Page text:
A Woman's Resolution For Health
This story originally appeared in the Winter 2016 issue of Cincinnati Health & Life Magazine .
This Year, Commit to Screenings That Could Save Your Life
We've all played the New Year's Resolution game. By the time the ball drops above Times Square, we've made lofty plans and promises-but these often fall by the wayside and we're left right where we started. For 2017, you can change this frustrating pattern. Make a commitment to have the tests and screenings that can help you prevent disease or identify it early enough so that treatment will be effective.
"Health care screenings allow early detection of premalignant lesions or early stage disease," says Madiha Khan, M.D., an Ob-Gyn with TriHealth Associates. "Diagnosis and treatment of early-stage disease provide a better prognosis and higher survival rates." So, early detection is critical, but what screenings are most important? One of the most crucial is the colonoscopy.
"Colon cancer is the second leading cause of cancer death in the U.S., and it has been suggested that the initiation of colorectal cancer screening has decreased the death rate by 53 percent," Dr. Khan says. "There are multiple different methods to screen for colorectal cancer, and it's important to have a discussion with your doctor to decide which is best for you. Colonoscopy is considered the gold standard screening test, and it is the most widely used."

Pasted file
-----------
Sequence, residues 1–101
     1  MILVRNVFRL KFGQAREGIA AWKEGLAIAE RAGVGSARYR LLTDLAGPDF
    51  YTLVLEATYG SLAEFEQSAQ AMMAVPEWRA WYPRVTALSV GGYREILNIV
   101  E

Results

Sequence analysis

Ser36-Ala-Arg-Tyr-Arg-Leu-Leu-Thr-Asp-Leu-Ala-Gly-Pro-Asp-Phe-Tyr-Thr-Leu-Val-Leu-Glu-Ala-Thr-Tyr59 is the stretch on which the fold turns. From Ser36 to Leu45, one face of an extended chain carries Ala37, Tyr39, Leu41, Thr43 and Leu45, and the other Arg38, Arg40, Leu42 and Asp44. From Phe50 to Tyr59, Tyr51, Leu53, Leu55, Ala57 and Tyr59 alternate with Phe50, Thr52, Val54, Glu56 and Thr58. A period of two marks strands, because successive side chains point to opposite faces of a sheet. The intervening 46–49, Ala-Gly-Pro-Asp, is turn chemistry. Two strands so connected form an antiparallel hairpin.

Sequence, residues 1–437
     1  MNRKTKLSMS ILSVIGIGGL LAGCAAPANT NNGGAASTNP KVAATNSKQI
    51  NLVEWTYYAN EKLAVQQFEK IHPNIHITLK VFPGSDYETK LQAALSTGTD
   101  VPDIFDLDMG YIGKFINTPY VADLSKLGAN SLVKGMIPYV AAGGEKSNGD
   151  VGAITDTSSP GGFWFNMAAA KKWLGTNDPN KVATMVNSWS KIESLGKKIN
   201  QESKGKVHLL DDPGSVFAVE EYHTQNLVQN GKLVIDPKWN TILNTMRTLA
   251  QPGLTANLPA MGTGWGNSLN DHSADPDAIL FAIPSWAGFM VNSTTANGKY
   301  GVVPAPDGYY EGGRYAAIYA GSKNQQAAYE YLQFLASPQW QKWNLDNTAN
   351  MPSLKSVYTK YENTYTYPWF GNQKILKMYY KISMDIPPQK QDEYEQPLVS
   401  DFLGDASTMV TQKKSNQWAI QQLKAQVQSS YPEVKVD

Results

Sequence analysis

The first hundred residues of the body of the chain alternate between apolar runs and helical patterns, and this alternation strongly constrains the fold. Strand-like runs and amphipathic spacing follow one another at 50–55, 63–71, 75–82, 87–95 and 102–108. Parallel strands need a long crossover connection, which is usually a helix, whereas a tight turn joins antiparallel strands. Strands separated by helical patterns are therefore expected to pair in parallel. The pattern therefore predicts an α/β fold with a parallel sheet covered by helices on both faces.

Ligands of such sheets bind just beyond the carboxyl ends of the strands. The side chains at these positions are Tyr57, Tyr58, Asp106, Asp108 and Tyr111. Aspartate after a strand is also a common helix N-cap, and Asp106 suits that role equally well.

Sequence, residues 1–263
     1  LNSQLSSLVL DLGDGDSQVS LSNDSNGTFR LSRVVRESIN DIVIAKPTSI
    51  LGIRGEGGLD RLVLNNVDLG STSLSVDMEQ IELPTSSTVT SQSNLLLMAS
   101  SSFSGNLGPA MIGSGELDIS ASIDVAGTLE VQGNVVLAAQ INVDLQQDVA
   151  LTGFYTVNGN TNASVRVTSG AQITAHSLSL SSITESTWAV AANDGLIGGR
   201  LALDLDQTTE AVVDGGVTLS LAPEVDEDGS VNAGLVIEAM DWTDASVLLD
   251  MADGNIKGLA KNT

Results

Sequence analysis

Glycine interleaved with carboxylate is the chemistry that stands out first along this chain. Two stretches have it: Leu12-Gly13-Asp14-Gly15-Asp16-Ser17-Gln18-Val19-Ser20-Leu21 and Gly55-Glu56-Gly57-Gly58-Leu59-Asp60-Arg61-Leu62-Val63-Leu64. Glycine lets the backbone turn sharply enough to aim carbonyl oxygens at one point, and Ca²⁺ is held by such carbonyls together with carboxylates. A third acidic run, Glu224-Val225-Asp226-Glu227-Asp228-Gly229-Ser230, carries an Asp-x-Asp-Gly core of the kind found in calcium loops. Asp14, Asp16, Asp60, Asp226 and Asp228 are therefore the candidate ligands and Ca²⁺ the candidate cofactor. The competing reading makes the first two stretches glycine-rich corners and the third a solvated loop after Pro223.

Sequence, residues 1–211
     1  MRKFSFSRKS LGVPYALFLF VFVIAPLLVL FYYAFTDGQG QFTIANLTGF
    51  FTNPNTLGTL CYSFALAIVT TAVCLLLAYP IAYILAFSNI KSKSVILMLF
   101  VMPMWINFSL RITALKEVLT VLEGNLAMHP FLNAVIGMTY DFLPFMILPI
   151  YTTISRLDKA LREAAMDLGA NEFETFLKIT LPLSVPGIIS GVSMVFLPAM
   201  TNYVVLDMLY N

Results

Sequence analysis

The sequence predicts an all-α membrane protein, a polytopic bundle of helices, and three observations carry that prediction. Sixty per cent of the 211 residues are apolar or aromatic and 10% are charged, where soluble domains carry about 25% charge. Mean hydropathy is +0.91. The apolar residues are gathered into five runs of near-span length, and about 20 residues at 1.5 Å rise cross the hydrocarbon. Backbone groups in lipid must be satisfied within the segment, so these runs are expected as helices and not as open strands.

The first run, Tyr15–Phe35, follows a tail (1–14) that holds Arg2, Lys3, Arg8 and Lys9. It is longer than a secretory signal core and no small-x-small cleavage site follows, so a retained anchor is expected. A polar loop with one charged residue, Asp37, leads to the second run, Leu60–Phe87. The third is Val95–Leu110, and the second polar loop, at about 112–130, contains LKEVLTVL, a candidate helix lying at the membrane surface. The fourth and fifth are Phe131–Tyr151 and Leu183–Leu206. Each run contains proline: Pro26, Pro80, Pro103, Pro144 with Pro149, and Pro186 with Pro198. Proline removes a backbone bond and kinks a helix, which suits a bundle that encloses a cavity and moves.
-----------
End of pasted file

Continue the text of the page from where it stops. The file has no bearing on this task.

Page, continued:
Equally critical to diagnosing problems before they become larger issues is the mammogram. In the U.S., a woman's lifetime risk for developing breast cancer is a bit less than 15 percent, and the majority of breast cancers are detected through mammograms. "In women 40 and older, mammography is the mainstay screening method, and studies have shown that it's the only screening modality that has decreased breast cancer-related mortality," Dr. Khan says.
Also, a woman should make a point to observe the schedule for cervical cancer screening, which has significantly decreased the incidence and mortality rate from cervical cancer. "Since the initiation of Pap smears in the 1950s, the incidence of cervical cancer has decreased by 70 percent," Dr. Khan says. "Pap smears allow for the detection and treatment of precancerous and cancerous lesions at an earlier stage."
As for other resolutions, Dr. Khan has some advice: "I think it's best to establish a game plan or timeline on how you planon achieving it. For example, if your goal is to lose 30 pounds in the next year, break it up into losing five pounds every two months. And creating a team atmosphere will help with motivation, involving your spouse, family, friends or even your doctor as your coach!"